It would appear that the weeks-long standoff between North Korea and South Korea is beginning to calm down after officials from the North—finally—offered a statement of contrition for the death of a pair of South Korean soldiers in an incident involving land mines that were allegedly placed by North Korean operatives. After 3 days of long negotiations in which North Korea played its typical script of denial and aggressive rhetoric, an apology was issued on Tuesday (in Asia; Monday in the West).
Tensions and intermittent skirmishes continue, however, as the two sides have yet to agree to high-level talks to smooth over the two countries’ sour state of diplomatic relations.
In response to the standard line of bellicose grandstanding by the North Koreans and their supreme leader, Kim Jong-un, South Korean President Park Geun-hye (granddaughter of former president Park Chung-hee) fired back with her own strong rhetoric, refusing to back down to North Korean threats of war. Park, the first female president of South Korea, defiantly insisted on leaving in place massive banks of loudspeakers that blasted pro-Western propaganda across the demilitarization zone into the North.
Amid mixed messages from Kim and the North, South Korean officials took an equally hard-line stance. North Korea mobilized 50 of its military submarines and claimed it was moving soldiers into position for an ad hoc ground war, an unsurprising step by the world’s leading nation in issuing empty threats. Yet, the inexperience of Kim Jong-un, who took over for his father in 2011, along with the general unpredictable nature of the North Korean regime have forced South Korea not to take any chances.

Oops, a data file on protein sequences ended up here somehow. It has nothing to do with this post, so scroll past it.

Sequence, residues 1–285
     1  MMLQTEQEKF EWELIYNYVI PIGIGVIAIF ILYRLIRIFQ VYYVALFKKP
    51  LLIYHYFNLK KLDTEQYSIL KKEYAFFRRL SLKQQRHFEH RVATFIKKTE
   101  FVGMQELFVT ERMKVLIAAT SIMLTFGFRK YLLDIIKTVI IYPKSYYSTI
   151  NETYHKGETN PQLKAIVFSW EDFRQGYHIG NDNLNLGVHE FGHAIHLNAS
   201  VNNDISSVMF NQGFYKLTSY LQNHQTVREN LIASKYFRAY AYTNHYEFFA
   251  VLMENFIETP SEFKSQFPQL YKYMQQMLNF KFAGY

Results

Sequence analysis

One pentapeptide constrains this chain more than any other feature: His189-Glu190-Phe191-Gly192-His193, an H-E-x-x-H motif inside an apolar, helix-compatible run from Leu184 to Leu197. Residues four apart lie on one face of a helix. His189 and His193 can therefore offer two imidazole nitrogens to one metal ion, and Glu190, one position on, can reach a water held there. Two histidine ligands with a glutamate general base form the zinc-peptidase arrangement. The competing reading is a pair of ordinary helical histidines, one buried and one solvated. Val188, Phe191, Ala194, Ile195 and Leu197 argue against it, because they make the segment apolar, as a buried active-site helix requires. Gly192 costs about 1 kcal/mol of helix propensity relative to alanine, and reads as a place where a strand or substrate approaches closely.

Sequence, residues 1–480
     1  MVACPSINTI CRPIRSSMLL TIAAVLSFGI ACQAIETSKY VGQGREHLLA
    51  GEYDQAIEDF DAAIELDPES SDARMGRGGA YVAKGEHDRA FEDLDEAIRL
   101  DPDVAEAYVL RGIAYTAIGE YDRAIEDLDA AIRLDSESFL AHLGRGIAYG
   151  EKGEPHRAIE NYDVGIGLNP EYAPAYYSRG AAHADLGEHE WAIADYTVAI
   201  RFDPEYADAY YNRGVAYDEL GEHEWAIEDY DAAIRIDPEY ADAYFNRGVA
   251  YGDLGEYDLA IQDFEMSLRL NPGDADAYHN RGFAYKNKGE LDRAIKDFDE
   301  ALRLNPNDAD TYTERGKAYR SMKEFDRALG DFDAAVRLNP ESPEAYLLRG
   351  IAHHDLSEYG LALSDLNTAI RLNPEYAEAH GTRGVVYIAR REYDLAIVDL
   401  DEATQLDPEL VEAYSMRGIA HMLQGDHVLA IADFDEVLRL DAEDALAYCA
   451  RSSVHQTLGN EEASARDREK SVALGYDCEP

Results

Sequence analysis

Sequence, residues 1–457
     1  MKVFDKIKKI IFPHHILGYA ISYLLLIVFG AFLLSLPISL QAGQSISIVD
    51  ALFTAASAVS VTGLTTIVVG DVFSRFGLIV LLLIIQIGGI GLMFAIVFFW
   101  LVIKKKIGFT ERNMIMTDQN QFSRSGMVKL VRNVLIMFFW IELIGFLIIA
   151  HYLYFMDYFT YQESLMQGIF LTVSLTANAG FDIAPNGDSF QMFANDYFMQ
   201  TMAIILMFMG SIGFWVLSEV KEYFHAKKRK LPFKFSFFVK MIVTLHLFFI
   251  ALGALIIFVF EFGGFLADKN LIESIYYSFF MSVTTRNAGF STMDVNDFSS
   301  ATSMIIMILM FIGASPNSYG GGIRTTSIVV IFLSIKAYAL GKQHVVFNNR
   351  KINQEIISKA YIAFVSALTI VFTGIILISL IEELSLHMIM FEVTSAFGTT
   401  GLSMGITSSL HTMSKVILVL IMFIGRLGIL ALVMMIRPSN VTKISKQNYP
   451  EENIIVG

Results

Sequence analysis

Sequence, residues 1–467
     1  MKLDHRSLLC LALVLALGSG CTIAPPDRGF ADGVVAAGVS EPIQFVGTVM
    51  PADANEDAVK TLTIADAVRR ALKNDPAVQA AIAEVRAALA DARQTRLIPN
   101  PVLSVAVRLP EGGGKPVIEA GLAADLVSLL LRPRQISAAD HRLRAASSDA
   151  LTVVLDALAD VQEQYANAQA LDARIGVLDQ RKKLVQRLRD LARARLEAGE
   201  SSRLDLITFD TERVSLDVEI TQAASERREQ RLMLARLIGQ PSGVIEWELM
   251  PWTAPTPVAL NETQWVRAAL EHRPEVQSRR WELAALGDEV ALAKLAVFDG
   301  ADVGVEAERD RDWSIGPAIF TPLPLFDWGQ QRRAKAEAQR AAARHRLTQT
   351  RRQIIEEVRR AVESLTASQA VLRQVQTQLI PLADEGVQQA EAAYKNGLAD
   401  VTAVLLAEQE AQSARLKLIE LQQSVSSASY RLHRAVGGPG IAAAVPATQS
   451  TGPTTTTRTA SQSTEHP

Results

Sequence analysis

Although far wealthier (and stronger in a military sense, thanks to U.S. backing) than its Northern counterpart, the South Korean market was hit hard by the uncertainty surrounding the standoff: the won, the South Korean currency, sank to a 4-month low; the nation’s largest exchange-traded product saw its heaviest outflow of funds since it was founded 15 years ago; and over $900 million of investor money was pulled out of the South Korean equities market.
A Checkered History
Since the end of the Korean War (1950-1953), a tenuous truce has been upheld by the two countries, with the North-South divide at the 38th parallel. Though this truce has been tested periodically over the decades by the North Koreans, no full-scale battles have taken place between the two sides. However, North Korean commandos did attempt to assassinate the South Korean president in 1983, though the regime has always denied their involvement.
“Sunshine Policy” Abandoned
In the late 1990s, the two sides attempted to gradually normalize relations through a series of measures (known as the “Sunshine Policy”) meant to ease tensions and align the interests of the two Koreas.
In fact, President Park has extended the olive branch to the totalitarian regime to the North more than any of her predecessors. According to a report from Bloomberg,
“Park has maintained a promise of large-scale economic assistance if Kim shows he’s serious about ending his nuclear ambitions and penchant for provocative behavior. She has called for starting from small-scale gestures such as reviving family reunions to build trust that could be the base for greater political reconciliation.”
With the increasingly aggressive behavior from North Korea in recent years, the “Sunshine Policy” was largely abandoned. In addition to the families and generations torn apart by the civil war, the political cultures of North and South Korea have also diverged, with the latter aligning itself with the United States and the former essentially considered a “rogue state.” It remains to be seen if the current resolution will lead the two countries closer to a future unification, or is merely a band-aid on what has the potential to be a persistent geopolitical problem.